Under the marketing concept, the firm must find a way to discover unfulfilled customer needs and bring to market products that satisfy those needs. The process of doing so can be modeled in a sequence of steps: the situation is analyzed to identify opportunities, the strategy is formulated for a value proposition, tactical decisions are made, the plan is implemented and the results are monitored.
The Marketing Process
I) SITUATION ANALYSIS
A thorough analysis of the situation in which the firm finds itself serves as the basis for identifying opportunities to satisfy unfulfilled customer needs. In addition to identifying the customer needs, the firm must understand its own capabilities and the environment in which it is operating.
The situation analysis thus can be viewed in terms an analysis of the external environment and an internal analysis of the firm itself.
The situation analysis should include past, present, and future aspects. It should include a history outlining how the situation evolved to its present state, and an analysis of trends in order to forecast where it is going.
If the situation analysis reveals gaps between what consumers want and what currently is offered to them, then there may be opportunities to introduce products to better satisfy those consumers. Hence, the situation analysis should yield a summary of problems and opportunities. From this summary, the firm can match its own capabilities with the opportunities in order to satisfy customer needs better than the competition.
The two common frameworks used to do the situation analysis:
- PEST analysis – for macro-environmental political, economic, societal, and technological factors. A PEST analysis can be used as the “climate” portion of the 5 C framework.
- SWOT analysis – strengths, weaknesses, opportunities, and threats – for the internal and external situation. A SWOT analysis can be used to condense the situation analysis into a listing of the most relevant problems and opportunities and to assess how well the firm is equipped to deal with them.
II) MARKETING STRATEGY
Once the best opportunity to satisfy unfulfilled customer needs is identified, a strategic plan for pursuing the opportunity can be developed. Market research will provide specific market information that will permit the firm to select the target market segment and optimally position the offering within that segment. The result is a value proposition to the target market. The marketing strategy then involves:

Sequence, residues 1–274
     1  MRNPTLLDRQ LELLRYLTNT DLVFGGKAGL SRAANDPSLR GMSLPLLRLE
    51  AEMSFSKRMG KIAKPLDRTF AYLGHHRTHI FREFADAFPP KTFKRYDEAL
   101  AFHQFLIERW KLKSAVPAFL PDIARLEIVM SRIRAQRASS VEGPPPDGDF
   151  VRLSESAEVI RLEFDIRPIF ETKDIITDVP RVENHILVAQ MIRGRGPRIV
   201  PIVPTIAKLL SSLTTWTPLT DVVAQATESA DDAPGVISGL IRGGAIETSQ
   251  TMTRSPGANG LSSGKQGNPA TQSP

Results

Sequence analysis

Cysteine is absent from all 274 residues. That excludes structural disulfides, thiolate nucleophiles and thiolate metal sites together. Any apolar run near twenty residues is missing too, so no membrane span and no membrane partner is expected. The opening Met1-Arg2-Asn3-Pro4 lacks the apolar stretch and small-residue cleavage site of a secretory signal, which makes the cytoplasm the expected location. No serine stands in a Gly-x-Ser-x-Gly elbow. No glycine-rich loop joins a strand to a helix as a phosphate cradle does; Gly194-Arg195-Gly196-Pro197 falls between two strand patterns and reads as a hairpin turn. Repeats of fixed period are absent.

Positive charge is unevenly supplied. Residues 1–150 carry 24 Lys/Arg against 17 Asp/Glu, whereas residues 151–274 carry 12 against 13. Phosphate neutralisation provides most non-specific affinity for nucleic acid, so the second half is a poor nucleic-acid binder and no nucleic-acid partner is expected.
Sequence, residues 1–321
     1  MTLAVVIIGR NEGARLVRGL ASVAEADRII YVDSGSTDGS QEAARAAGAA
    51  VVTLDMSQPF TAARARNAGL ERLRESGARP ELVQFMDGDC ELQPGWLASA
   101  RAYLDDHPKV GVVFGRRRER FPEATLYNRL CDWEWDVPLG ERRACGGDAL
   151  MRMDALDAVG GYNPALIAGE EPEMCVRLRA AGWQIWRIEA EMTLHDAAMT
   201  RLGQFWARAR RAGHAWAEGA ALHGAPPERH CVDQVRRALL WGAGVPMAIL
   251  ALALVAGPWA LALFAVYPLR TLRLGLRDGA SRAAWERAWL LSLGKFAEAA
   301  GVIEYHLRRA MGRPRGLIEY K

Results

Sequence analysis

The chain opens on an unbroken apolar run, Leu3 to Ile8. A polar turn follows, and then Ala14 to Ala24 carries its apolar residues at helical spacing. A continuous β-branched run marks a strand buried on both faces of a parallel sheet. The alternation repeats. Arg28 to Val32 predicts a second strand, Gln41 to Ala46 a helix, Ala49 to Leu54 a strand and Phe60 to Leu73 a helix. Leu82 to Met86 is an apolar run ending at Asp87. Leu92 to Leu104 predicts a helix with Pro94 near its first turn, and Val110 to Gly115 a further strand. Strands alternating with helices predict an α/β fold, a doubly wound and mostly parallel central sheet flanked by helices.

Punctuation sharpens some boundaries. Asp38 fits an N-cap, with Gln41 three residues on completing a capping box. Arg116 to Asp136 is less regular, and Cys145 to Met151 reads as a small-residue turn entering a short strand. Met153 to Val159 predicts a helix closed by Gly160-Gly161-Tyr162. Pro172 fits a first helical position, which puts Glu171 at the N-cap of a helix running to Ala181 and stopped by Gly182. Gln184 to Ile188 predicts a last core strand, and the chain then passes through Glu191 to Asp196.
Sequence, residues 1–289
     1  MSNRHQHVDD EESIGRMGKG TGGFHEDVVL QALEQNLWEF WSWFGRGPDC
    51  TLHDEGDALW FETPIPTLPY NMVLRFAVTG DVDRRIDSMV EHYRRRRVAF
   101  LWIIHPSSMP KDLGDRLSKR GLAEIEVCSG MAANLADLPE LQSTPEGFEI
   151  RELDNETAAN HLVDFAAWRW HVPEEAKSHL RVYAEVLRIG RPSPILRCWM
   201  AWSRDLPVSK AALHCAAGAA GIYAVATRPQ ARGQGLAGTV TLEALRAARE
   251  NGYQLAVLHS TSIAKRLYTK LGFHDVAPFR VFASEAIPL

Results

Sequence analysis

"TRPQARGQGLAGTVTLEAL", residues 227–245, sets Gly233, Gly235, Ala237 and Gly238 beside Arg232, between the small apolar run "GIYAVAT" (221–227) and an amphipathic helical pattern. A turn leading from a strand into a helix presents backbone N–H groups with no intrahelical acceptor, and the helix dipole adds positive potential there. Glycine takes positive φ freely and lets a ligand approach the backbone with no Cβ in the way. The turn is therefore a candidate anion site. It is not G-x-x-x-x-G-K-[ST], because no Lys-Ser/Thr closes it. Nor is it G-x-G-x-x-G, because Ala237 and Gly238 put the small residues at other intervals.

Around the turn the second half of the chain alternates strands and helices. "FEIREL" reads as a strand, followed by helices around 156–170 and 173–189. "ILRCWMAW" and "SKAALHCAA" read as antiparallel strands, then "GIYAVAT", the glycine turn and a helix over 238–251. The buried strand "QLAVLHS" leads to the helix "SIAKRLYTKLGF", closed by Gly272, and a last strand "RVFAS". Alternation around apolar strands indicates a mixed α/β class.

- Targeting (target market selection)
- Positioning the product within the target market
- Value proposition to the target market
III) MARKETING MIX DECISIONS
Detailed tactical decisions then are made for the controllable parameters of the marketing mix. The action items include:
- Product development – specifying, designing, and producing the first units of the product.
- Pricing decisions
- Distribution contracts
- Promotional campaign development
IV) IMPLEMENTATION AND CONTROL
At this point in the process, the marketing plan has been developed and the product has been launched. Given that few environments are static, the results of the marketing effort should be monitored closely. As the market changes, the marketing mix can be adjusted to accommodate the changes. Often, small changes in consumer wants can addressed by changing the advertising message. As the changes become more significant, a product redesign or an entirely new product may be needed. The marketing process does not end with implementation – continual monitoring and adaptation is needed to fulfill customer needs consistently over the long-term.
Before selling a product or service, it’s important to know the market that you will be entering into. Research includes finding out what potential customers need, want and don’t want, and why. Your goal is to build a demographic profile of your customers. A research or business library can prove helpful for studying the manners in which other small businesses have approached their target audiences. You can then take a similar approach, adding your own creativity and the particular benefits of your products or services.
Surveys, questionnaires, and focus groups are three among the many ways to obtain original data on potential customers. You can also get basic information when a customer calls for your services, visits your facility, or browses your web site. When customers make a purchase, or any kind of inquiry, you can find out where they heard about your business. In this manner you can better plan, and track, your marketing efforts.